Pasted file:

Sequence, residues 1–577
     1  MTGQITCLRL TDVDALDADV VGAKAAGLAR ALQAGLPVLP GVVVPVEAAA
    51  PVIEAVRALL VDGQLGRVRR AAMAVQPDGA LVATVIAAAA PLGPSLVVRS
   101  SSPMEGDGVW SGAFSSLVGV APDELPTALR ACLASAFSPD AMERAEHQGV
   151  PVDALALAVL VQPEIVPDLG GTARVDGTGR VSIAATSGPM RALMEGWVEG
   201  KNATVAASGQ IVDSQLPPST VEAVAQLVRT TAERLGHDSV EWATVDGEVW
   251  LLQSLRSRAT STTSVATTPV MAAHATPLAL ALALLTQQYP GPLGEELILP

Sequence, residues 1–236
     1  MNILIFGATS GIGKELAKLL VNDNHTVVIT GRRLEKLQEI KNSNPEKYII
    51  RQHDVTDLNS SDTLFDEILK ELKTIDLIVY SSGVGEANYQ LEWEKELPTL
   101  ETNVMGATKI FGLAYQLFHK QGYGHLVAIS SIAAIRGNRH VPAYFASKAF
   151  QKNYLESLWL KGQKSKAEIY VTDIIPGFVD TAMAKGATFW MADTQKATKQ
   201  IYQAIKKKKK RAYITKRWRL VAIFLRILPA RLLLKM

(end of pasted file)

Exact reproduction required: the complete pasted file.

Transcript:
Sequence, residues 1–577
     1  MTGQITCLRL TDVDALDADV VGAKAAGLAR ALQAGLPVLP GVVVPVEAAA
    51  PVIEAVRALL VDGQLGRVRR AAMAVQPDGA LVATVIAAAA PLGPSLVVRS
   101  SSPMEGDGVW SGAFSSLVGV APDELPTALR ACLASAFSPD AMERAEHQGV
   151  PVDALALAVL VQPEIVPDLG GTARVDGTGR VSIAATSGPM RALMEGWVEG
   201  KNATVAASGQ IVDSQLPPST VEAVAQLVRT TAERLGHDSV EWATVDGEVW
   251  LLQSLRSRAT STTSVATTPV MAAHATPLAL ALALLTQQYP GPLGEELILP

Sequence, residues 1–236
     1  MNILIFGATS GIGKELAKLL VNDNHTVVIT GRRLEKLQEI KNSNPEKYII
    51  RQHDVTDLNS SDTLFDEILK ELKTIDLIVY SSGVGEANYQ LEWEKELPTL
   101  ETNVMGATKI FGLAYQLFHK QGYGHLVAIS SIAAIRGNRH VPAYFASKAF
   151  QKNYLESLWL KGQKSKAEIY VTDIIPGFVD TAMAKGATFW MADTQKATKQ
   201  IYQAIKKKKK RAYITKRWRL VAIFLRILPA RLLLKM